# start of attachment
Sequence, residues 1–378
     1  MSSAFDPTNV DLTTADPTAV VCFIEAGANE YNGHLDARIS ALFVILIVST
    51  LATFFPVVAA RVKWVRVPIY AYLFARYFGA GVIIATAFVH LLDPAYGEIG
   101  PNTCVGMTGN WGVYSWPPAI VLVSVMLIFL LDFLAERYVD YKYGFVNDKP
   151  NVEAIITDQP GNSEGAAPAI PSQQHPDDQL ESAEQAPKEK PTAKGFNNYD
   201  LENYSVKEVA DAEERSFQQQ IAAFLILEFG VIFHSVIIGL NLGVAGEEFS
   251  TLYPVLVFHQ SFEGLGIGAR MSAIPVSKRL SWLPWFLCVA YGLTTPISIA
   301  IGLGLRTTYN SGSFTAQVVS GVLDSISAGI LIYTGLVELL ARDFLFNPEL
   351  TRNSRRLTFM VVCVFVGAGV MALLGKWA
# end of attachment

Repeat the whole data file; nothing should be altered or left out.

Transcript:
Sequence, residues 1–378
     1  MSSAFDPTNV DLTTADPTAV VCFIEAGANE YNGHLDARIS ALFVILIVST
    51  LATFFPVVAA RVKWVRVPIY AYLFARYFGA GVIIATAFVH LLDPAYGEIG
   101  PNTCVGMTGN WGVYSWPPAI VLVSVMLIFL LDFLAERYVD YKYGFVNDKP
   151  NVEAIITDQP GNSEGAAPAI PSQQHPDDQL ESAEQAPKEK PTAKGFNNYD
   201  LENYSVKEVA DAEERSFQQQ IAAFLILEFG VIFHSVIIGL NLGVAGEEFS
   251  TLYPVLVFHQ SFEGLGIGAR MSAIPVSKRL SWLPWFLCVA YGLTTPISIA
   301  IGLGLRTTYN SGSFTAQVVS GVLDSISAGI LIYTGLVELL ARDFLFNPEL
   351  TRNSRRLTFM VVCVFVGAGV MALLGKWA